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Wednesday, 30 August, 2000, 15:30 GMT 16:30 UK
South Africa: Racism runs deep
As South Africa begins a conference on racism, South African journalist Justice Malala reflects on how far the country has come since the first non-racial elections in 1994.
A round-robin e-mail has been doing the rounds among black South African professionals lately. It is not the first of its kind, and the message is depressingly similar to those which have preceded it.
This letter is being distributed by engineers in Eskom - South Africa's electricity supply commission - and is one man's experience of working there.
He recounts how, on arrival, he had to watch his every utterance because then he would be seen as a black with a "chip on his shoulder".
He details how, when he stood up for a labourer who was being treated unfairly, he was seen as a threat because blacks were seen as union agitators.
His excellent university degree was always being scrutinised. None of his white colleagues received the same treatment.
The worst thing, however, is that as he was promoted his white colleagues, and indeed even the bosses who promoted him, would not acknowledge that he was climbing the corporate ladder on the basis of his abilities.
Being black meant that he was always relegated to the ghetto of being an "affirmative action" candidate. Positive as affirmative action is, in almost all of corporate South Africa, it has become synonymous with "second-class appointee".
In newspapers, talented journalists have been fast-tracked to positions of authority and yet find themselves doing very little of substance once they have reached those positions.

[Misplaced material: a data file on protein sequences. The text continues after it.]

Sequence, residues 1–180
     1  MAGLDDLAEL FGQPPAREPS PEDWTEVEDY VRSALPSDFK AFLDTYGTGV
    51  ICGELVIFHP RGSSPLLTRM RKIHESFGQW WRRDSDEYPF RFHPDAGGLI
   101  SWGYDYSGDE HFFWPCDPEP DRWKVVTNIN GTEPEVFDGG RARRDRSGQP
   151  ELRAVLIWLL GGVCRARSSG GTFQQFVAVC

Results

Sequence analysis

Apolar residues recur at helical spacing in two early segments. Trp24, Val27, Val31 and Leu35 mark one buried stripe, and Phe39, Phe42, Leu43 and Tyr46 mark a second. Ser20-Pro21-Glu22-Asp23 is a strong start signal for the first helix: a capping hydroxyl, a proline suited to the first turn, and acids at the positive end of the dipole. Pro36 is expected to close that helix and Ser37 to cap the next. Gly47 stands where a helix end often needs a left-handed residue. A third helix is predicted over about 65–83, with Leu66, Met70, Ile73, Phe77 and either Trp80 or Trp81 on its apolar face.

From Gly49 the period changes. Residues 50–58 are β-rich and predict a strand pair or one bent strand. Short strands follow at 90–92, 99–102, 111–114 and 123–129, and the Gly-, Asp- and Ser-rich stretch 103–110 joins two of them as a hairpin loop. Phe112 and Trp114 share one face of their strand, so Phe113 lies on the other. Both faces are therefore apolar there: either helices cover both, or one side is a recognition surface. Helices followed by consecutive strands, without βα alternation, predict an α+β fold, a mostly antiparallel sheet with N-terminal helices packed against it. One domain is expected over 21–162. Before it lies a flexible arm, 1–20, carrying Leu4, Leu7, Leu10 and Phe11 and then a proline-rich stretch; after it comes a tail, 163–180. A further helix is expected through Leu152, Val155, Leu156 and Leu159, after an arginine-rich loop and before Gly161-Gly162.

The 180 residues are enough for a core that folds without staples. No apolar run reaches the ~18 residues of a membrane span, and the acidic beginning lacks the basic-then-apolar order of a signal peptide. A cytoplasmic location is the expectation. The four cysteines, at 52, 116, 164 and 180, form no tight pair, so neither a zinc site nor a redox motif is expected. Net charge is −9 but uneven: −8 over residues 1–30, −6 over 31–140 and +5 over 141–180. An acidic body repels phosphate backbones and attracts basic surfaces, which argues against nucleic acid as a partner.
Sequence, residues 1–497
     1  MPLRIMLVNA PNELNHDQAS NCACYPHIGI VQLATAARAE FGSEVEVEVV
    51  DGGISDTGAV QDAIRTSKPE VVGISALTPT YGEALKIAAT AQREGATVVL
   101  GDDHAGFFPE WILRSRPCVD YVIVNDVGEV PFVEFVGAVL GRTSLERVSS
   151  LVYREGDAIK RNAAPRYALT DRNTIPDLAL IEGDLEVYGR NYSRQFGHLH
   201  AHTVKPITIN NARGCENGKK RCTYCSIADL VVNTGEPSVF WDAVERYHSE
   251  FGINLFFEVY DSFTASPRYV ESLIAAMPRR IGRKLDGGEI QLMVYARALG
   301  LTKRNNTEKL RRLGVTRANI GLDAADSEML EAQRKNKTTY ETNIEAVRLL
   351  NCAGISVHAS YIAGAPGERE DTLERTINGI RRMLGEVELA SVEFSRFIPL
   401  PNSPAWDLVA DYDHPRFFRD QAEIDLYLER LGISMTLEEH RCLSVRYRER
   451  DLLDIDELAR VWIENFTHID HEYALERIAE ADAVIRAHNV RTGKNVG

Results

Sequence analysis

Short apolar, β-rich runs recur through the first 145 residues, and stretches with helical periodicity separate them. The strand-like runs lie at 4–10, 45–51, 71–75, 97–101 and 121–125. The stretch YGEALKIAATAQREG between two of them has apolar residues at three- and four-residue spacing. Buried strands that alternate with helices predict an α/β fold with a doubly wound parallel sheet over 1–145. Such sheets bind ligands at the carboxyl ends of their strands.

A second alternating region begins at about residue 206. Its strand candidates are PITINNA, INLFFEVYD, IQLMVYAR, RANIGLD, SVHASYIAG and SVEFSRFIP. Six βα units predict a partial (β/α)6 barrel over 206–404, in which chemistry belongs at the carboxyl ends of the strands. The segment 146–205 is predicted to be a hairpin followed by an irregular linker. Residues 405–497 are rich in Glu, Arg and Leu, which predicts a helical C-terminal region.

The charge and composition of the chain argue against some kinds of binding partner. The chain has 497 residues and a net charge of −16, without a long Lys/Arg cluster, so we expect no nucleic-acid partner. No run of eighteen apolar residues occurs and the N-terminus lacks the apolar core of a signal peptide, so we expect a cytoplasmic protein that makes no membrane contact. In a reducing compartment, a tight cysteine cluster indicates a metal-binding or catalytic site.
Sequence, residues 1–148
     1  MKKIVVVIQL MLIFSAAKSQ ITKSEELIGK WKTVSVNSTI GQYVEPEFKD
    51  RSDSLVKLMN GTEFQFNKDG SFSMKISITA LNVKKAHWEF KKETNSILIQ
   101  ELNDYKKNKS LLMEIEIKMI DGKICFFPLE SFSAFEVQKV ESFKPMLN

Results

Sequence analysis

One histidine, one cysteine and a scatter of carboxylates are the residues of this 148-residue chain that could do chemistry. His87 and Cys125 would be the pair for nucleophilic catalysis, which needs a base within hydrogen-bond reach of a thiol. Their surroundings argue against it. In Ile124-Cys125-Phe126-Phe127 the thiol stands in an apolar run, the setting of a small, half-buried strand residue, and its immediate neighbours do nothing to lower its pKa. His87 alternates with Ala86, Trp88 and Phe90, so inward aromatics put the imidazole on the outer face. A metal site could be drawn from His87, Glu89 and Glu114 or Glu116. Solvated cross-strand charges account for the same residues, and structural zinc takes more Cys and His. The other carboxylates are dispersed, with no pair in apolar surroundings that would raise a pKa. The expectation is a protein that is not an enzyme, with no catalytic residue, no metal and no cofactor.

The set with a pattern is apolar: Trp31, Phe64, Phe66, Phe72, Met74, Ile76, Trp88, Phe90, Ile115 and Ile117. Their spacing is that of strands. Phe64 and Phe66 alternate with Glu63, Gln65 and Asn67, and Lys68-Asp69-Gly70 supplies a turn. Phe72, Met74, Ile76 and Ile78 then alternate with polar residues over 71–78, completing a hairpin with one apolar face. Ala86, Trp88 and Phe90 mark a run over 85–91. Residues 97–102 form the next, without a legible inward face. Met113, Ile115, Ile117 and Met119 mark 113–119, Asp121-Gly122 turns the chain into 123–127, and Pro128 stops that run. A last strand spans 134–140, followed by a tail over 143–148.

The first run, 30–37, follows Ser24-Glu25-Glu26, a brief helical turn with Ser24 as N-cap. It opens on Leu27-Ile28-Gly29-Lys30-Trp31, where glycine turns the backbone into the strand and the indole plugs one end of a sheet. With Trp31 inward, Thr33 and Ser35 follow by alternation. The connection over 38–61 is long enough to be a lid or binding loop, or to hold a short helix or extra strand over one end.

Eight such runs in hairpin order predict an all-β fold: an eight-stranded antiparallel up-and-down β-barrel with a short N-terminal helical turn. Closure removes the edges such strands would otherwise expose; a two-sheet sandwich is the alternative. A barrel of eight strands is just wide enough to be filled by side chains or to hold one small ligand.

Just as they were discriminated against on the basis of their colour in the past, these professionals feel used, insulted, and belittled by the way the uhuru of 1994 is turning out.
Among many young white males, the new dispensation and the implementation of affirmative action programmes poses a threat: they feel that they are not needed anymore, that their skin colour works against them in job interviews.
In February 1999, President Thabo Mbeki summed up the dilemma: "The defining parameter in our continuing struggle for national unity and reconciliation is the question of race.
And yet as South Africa's democracy has matured the race issue has intensified, deepened, and become more problematic. It can still be expressed in the crudest possible manner, as happened last week when a white farmer in the Free State province dragged a black man - with a wire tied to his ankle - for five kilometres behind his pick-up truck.
The black man died, yet another victim of all-too-frequent race murders in a liberated South Africa.
Since the release of former President Nelson Mandela in 1990, South Africa has been creaking slowly away from its racist past.
With the installation of the first democratic government in 1994, a new constitution that outlawed racism was adopted.
Newspapers, for example, catered for a white readership only or had supplements for "native" news. Blacks could be photographed naked, while white people could not.
Apart from ensuring that the lives of the poor rural masses who are at the mercy of their bosses are improved, the greatest challenge facing South Africa is changing the nature of these institutions.
This challenge, however, has largely been forgotten as political debate in the country has centred around trying to identify racists in our midst.
In the search for a solution to one of the country's most terrible and central problems, sense and logic have been thrown out the window. On entering the debate, one is immediately labelled either racist or a self-hating black or white. Inevitably, debate hits a brick wall.
Whether this week's conference on racism - already heavily criticised by opposition parties as structurally biased to give credence to the government's position on race, its effects and how to solve the problem - can come up with a solution is doubtful.
At the end of the conference, resolutions and a declaration will be adopted, and possibly a review will be undertaken in a year. But it is unlikely that any real concrete proposals will come out of it.
Writing in the forethought of his The Souls of Black Folk in 1902, the American civil rights fighter WEB du Bois said: "The problem of the 20th century is the problem of the colour-line."
In South Africa, as we enter a new century, the problem of the colour-line is set to stay with us for a very long time indeed.
Justice Malala is the London correspondent for the South African Sunday Times
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